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The Thirteenth Tale Hardcover – Deckle Edge, September 12, 2006
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Settle down to enjoy a rousing good ghost story with Diane Setterfield's debut novel, The Thirteenth Tale. Setterfield has rejuvenated the genre with this closely plotted, clever foray into a world of secrets, confused identities, lies, and half-truths. She never cheats by pulling a rabbit out of a hat; this atmospheric story hangs together perfectly.
There are two heroines here: Vida Winter, a famous author, whose life story is coming to an end, and Margaret Lea, a young, unworldly, bookish girl who is a bookseller in her father's shop. Vida has been confounding her biographers and fans for years by giving everybody a different version of her life, each time swearing it's the truth. Because of a biography that Margaret has written about brothers, Vida chooses Margaret to tell her story, all of it, for the first time. At their initial meeting, the conversation begins:
"You have given nineteen different versions of your life story to journalists in the last two years alone."
She [Vida] shrugged. "It's my profession. I'm a storyteller."
"I am a biographer, I work with facts."
The game is afoot and Margaret must spend some time sorting out whether or not Vida is actually ready to tell the whole truth. There is more here of Margaret discovering than of Vida cooperating wholeheartedly, but that is part of Vida's plan. The transformative power of truth informs the lives of both women by story's end, and The Thirteenth Tale is finally and convincingly told. --Valerie Ryan
From Publishers Weekly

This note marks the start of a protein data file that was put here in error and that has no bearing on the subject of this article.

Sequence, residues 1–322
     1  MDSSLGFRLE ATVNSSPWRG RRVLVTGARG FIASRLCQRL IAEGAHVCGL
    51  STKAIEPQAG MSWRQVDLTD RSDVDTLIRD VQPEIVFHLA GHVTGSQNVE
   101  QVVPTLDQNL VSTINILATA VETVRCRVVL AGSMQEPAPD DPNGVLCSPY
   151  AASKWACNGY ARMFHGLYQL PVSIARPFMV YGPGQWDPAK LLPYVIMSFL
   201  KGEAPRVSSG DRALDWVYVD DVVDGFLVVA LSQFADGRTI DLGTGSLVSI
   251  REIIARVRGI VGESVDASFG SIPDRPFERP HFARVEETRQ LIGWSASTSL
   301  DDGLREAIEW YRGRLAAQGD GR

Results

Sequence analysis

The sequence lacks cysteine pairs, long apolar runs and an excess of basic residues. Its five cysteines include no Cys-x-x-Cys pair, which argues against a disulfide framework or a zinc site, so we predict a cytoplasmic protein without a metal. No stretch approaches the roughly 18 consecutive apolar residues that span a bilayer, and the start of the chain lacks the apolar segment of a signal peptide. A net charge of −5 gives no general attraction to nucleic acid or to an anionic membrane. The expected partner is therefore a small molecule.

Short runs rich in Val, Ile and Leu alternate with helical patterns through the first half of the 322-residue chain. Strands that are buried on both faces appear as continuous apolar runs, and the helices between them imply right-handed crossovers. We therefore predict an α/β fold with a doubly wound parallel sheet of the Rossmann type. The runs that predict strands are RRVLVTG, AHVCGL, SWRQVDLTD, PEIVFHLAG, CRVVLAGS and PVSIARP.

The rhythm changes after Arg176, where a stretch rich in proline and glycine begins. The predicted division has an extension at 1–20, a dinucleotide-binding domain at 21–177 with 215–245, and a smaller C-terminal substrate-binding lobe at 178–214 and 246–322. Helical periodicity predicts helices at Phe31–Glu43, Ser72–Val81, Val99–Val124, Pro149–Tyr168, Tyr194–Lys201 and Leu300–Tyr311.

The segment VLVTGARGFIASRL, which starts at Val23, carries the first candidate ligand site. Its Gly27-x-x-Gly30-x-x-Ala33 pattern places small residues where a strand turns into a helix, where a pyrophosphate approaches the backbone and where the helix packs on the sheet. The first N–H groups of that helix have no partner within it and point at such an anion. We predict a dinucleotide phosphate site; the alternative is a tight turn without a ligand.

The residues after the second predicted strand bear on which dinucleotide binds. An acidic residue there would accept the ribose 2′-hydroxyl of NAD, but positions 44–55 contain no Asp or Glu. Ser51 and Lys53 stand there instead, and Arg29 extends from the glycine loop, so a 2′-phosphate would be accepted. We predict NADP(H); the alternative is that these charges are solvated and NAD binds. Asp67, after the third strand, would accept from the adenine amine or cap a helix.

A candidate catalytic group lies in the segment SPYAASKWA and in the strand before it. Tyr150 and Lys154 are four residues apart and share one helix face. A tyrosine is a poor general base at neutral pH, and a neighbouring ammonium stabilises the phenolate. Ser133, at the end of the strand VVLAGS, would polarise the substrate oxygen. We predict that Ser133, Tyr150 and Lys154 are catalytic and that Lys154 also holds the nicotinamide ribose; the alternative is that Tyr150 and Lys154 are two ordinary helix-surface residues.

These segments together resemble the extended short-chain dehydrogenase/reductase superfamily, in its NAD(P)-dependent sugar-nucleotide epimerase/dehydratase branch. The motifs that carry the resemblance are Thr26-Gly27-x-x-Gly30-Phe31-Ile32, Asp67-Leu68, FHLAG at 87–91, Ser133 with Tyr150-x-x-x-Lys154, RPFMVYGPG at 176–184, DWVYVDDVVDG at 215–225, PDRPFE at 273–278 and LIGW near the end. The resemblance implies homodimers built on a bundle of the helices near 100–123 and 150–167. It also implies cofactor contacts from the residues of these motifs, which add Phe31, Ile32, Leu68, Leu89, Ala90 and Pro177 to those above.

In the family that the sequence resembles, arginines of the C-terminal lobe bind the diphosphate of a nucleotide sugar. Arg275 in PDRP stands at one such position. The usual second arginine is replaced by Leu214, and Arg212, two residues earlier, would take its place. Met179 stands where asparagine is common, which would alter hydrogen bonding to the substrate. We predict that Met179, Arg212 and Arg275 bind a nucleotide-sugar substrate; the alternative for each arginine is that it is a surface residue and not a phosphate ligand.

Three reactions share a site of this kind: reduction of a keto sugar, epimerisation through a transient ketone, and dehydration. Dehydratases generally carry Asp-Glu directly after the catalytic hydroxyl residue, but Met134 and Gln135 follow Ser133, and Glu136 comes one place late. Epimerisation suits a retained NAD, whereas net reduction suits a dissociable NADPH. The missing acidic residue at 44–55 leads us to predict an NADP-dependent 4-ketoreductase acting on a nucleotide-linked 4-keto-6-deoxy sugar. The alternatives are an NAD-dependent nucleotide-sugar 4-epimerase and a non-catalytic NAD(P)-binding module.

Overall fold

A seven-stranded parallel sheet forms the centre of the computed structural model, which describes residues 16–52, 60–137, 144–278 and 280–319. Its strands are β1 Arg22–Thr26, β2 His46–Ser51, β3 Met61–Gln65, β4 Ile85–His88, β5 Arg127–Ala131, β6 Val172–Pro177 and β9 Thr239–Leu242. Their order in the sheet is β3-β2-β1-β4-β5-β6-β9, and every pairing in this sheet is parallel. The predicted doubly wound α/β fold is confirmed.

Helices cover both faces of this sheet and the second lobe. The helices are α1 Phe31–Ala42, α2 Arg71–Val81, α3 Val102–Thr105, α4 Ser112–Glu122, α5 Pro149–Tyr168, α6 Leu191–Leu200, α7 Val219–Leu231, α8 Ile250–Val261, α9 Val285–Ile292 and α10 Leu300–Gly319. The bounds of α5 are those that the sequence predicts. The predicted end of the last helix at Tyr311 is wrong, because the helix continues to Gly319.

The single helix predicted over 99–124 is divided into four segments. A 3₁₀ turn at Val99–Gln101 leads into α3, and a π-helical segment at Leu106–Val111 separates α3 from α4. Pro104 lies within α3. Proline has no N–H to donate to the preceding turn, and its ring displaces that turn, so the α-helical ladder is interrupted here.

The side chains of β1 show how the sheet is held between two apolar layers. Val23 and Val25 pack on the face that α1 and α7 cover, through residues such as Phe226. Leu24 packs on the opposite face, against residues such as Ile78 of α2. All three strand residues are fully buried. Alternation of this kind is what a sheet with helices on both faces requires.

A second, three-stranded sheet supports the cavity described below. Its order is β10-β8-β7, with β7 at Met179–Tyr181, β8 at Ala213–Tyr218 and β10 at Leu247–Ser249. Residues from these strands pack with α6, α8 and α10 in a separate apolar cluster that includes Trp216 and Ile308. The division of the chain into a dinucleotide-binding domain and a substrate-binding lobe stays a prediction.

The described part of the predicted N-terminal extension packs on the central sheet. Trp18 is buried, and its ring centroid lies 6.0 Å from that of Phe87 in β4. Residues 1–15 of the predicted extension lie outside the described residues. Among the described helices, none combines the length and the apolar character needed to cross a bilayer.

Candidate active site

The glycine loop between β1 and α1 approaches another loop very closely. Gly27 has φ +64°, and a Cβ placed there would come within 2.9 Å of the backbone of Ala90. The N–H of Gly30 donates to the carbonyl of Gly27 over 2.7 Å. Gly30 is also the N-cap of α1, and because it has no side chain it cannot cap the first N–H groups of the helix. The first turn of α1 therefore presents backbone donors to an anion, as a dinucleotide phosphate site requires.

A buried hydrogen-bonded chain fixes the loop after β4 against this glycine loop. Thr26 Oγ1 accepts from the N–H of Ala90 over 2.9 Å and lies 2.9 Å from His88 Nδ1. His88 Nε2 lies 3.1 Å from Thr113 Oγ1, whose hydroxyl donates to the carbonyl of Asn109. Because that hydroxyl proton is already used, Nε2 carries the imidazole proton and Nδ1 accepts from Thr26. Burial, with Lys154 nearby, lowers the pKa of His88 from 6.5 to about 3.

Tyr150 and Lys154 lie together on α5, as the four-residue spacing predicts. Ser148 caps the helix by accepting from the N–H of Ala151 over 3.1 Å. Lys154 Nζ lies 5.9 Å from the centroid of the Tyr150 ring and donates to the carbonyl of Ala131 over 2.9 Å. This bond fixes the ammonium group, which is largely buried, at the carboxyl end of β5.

Former academic Setterfield pays tribute in her debut to Brontë and du Maurier heroines: a plain girl gets wrapped up in a dark, haunted ruin of a house, which guards family secrets that are not hers and that she must discover at her peril. Margaret Lea, a London bookseller's daughter, has written an obscure biography that suggests deep understanding of siblings. She is contacted by renowned aging author Vida Winter, who finally wishes to tell her own, long-hidden, life story. Margaret travels to Yorkshire, where she interviews the dying writer, walks the remains of her estate at Angelfield and tries to verify the old woman's tale of a governess, a ghost and more than one abandoned baby. With the aid of colorful Aurelius Love, Margaret puzzles out generations of Angelfield: destructive Uncle Charlie; his elusive sister, Isabelle; their unhappy parents; Isabelle's twin daughters, Adeline and Emmeline; and the children's caretakers. Contending with ghosts and with a (mostly) scary bunch of living people, Setterfield's sensible heroine is, like Jane Eyre, full of repressed feeling—and is unprepared for both heartache and romance. And like Jane, she's a real reader and makes a terrific narrator. That's where the comparisons end, but Setterfield, who lives in Yorkshire, offers graceful storytelling that has its own pleasures. (Sept.)